Hey Rachel…if she has a recent knee injury that can have an effect too. Hopefully she is being rehabed properly by her medical team. Since the body is a kinetic chain of connected parts, limited mobility at the knee can also affect the ankle (she may not be getting full flexion or extension at the foot now if she has limited knee mobility) and if those parts aren’t moving properly you sometimes see compensations at the hip…such as excessive forward leaning or arching back. It could just be that once her knee problems are sorted out she could see improvements in her low back.
Great tips here so far here. I’m glad that your client was cleared for exercise, since that’s really the first step. I wanted to mention that sometimes the hand position can affect a client’s ability to do the ‘Superman’ move. As she improves her core strength, you could see if having arms by her sides or even under her armpits helps with the discomfort in her back.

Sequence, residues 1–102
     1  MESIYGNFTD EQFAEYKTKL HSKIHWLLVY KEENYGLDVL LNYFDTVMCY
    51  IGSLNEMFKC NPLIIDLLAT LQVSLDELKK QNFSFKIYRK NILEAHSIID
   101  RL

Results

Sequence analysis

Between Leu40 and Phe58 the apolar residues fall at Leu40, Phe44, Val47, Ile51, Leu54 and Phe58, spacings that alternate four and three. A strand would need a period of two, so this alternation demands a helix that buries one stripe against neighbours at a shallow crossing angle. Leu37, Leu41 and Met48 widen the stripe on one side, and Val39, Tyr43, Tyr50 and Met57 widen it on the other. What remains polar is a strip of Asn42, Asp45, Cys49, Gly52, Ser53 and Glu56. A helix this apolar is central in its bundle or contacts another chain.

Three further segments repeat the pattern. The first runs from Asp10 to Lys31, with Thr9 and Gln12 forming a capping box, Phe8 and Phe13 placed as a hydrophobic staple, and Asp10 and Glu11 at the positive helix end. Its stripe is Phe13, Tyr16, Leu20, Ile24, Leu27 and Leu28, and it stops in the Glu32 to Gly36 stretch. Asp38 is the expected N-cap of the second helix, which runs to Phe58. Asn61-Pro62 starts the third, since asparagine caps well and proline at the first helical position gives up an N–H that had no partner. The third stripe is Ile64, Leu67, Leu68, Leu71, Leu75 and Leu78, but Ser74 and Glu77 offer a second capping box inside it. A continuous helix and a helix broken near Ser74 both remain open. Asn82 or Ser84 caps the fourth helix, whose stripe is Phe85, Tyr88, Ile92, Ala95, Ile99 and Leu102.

Other exercises you can include are isometrics & anti-rotation movements. Basically, having your client engage her core during movements that aren’t specifically made for the core can help with body awareness & core muscle recruitment. Planks are great and can be pre-gressed as necessary to protect the low back (done on one or both knees, elbows, etc.). Anti-rotation is when the core stays straight & engaged while another limb moves. This type of stabilization is really great for the lower abs, low back & obliques. A move I use a lot is a cable or band rotation. The client stands next to a cable machine or band tethered at about waist height. They turn their arms & ribs away from the tether point but are not allowed to move their lower half. Keeping knees slightly bent, glutes tight, & arms long keeps the work loaded on the core, & it doesn’t take much resistance to get results! You can also have her try basic movements on one leg as this forces the pelvic stabilizers to get stronger (‘airplane’, ‘star’).
Always start with a pain-free range of motion. If the move causes pain, it should be removed from the program. You can always try it later when the client gets a little stronger.